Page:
Last Thursday, Rami Nakhla met some friends after work at a Starbucks on Dupont Circle. They sat outside, and the sun glinted off a glass building and lighted their faces.
For months, Nakhla and his friends, Syrian dissidents who in the past year fled the regime of Bashar al-Assad, had lived shrouded in darkness. Now, meeting openly at a cafe in Washington evoked mixed emotions: bemusement, relief and a twinge of survivor’s guilt for being safe when so many are still in danger.
“If you do anything for yourself, you feel guilty. . . . You have so many more things to do,” said Nakhla, 29, a political asylee who is working as a program specialist at the U.S. Institute of Peace. Until last year, he had been a political science student living in an Alawite section of Damascus.
For many asylees who come to the United States, their political engagement dries up as they lose their connections with home and struggle to earn a living. But Washington, with its think tanks and politically engaged expat communities, offers more opportunities for involvement for people like Nakhla, who is still deeply entrenched in the war in Syria.
For eight months, through the auspices of the institute, Nakhla has been putting together “The Day After,” a nongovernmental organization that connects Syrian dissidents worldwide to develop a blueprint for what should happen once al-Assad is ousted. The NGO is funded mostly by the State Department, with additional funding from some European governments and NGOs.
Nakhla and others on the board of the 50-member organization unveiled the 130-page plan Tuesday at a news conference in Berlin, where the group’s meetings have been held (many of its members live in the Middle East or Europe). The plan offers suggestions on how to address issues often inherent in a regime’s collapse, such as dealing with armed groups, restructuring the economy and reforming the security sector.
It is the kind of public appearance that would have been impossible last summer, when Nakhla was hiding in Beirut. Syrian intelligence agents were scouring the city for him and threatening — via e-mail, via Twitter and via Facebook — to kill him.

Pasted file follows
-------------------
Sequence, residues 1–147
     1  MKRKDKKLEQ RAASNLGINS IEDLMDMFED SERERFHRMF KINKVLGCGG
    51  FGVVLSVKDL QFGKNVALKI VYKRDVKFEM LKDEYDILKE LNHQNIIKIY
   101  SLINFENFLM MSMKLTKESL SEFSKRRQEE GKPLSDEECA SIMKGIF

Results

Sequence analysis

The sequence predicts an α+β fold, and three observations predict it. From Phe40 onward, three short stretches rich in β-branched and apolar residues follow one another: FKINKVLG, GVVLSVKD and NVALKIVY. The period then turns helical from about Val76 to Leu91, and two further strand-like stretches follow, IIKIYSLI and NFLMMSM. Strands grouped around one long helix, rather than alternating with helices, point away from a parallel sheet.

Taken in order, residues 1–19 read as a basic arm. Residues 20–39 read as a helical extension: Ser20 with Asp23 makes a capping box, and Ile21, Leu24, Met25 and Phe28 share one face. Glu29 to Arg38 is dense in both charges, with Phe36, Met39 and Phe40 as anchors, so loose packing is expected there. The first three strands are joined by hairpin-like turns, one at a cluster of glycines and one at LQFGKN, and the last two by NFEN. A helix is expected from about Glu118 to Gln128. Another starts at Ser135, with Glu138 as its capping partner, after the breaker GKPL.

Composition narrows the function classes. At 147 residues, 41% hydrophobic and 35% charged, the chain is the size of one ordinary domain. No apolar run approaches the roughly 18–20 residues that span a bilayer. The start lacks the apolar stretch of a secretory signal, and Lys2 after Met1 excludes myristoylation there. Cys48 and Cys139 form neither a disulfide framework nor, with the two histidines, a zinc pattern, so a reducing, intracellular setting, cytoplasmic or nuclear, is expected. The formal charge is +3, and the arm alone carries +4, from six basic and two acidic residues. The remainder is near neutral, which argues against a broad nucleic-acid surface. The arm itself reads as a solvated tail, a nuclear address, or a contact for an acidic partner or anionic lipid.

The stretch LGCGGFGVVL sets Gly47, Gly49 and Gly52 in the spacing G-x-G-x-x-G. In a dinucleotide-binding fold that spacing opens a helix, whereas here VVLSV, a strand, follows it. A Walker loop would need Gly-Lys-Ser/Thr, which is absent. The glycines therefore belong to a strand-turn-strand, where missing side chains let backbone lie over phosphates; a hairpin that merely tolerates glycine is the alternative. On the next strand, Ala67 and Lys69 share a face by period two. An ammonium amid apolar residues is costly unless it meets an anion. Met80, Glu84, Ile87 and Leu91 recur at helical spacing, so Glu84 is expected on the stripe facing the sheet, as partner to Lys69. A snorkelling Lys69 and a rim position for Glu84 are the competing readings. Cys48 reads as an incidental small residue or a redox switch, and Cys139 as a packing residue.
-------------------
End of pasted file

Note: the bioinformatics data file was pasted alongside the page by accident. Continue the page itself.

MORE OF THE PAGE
Having slipped across the border just before the Syrian uprising began, the Damascus University political science student had become a well-known social media connector for the revolution, feverishly collecting videos, tweets and Skype updates from protesters and disseminating them to the outside world. He subsisted on nicotine and caffeine, flitting from one apartment to another, as recalled by fellow activists and a Washington Post reporter who visited him at the time.
One by one, his activist friends were arrested. Last August, he said, he was tipped off that Syrian government agents were closing in. He contacted the office of the United Nations High Commissioner for Refugees, where he had already applied for asylum, and it spirited him out of Lebanon.
Nakhla’s transition to life in the United States was jarring. At first, “it was really like another disaster — like leaving Syria — ‘What am I doing here?’ The one thing I was really so happy about? The Internet is so fast here.”
But he quickly learned that in Washington, “ you cannot do anything if you do not have income.” He crashed with a friend in Rockville and received some donations from Syrian dissident organizations, but it wasn’t enough to live on. He spent four days in the hospital with a spontaneous lung collapse, the result of a poor diet and high stress.
Then he got a call from Steve Heydemann, senior adviser for Middle Eastern initiatives at the institute, who had met with him in Beirut and been impressed.